Low MolecularWeight Heparins and Heparinoids

The multiple effects of UFH on the coagulation cascade may increase its potential to cause hemorrhage.4 Anticoagulants with more specific sites of action may confer a better safety profile. Two such anticoagulants are low-molecular-weight heparin (LMWH) and heparinoids.

Natural UFH consists of molecular chains of molecular weights varying from 5000 to more than 40,000 Da. In practice, its anticoagulant effect may be difficult to predict, requiring regular monitoring of the prothrombin time (PTT) and dose adjustment. In contrast, LMWHs consist of only short chains of polysaccharide having an average molecular weight of less than 8000 Da.

LMWHs are formed by various methods of fractionation or depolymerization of polymeric heparin (Table 7.1). Although they are enzymatically derived from UFH, they have a different site of action and can be administered subcutaneously. LMWHs exert their anticoagulant effect by inhibiting factor Xa and augmenting tissue-factor-pathway inhibitor, but minimally affect thrombin or factor IIa (Figs. 7.1 and 7.2).4-6 Thus, the PTT, a measure of antithrombin (anti-factor IIa) activity, is not used to measure the activity of LMWHs.

Heparinoid is a term used to describe naturally occurring and synthetic glycosoaminoglycans of structure similar to heparin. Heparinoids have specific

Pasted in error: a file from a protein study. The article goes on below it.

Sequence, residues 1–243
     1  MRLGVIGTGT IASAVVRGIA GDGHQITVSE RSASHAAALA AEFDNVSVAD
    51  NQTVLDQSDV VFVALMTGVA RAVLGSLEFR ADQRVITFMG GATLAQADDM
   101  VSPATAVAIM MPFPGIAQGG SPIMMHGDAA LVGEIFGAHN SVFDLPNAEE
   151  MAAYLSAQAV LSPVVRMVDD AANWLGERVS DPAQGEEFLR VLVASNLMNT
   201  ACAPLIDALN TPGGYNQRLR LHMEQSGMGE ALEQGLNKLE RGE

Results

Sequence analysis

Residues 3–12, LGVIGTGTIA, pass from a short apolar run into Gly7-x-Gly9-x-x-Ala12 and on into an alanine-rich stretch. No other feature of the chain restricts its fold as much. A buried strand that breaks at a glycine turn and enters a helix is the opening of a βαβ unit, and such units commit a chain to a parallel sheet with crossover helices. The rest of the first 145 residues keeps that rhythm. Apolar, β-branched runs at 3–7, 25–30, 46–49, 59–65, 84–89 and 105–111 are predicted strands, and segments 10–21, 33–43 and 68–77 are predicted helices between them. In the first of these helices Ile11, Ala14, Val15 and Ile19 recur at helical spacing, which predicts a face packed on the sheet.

Low-molecular-weight heparin

Antithrombin

Low-molecular-weight heparin

Antithrombin

Inactivated Factor Ha still factor Xa activated

Minimal anti-factor I la activity

Inactivated Factor Ha still factor Xa activated

Minimal anti-factor I la activity

FIGURE 7.2 LMWH inhibits factor Xa and minimally affects factor Ila; thus, activated partial thromboplastin time is not used to measure its anticoagulant activity. (Reprinted from the American Family Physician published by the American Academy of Family Physicians, February 15th, 1999, in an article entitled ''Low-molecular-weight heparin in outpatient treatment of DVT.'')

antithrombin activity.4,7 They are often used as an alternative to heparin in patients with HITS (Table 7.2).

0 0

Post a comment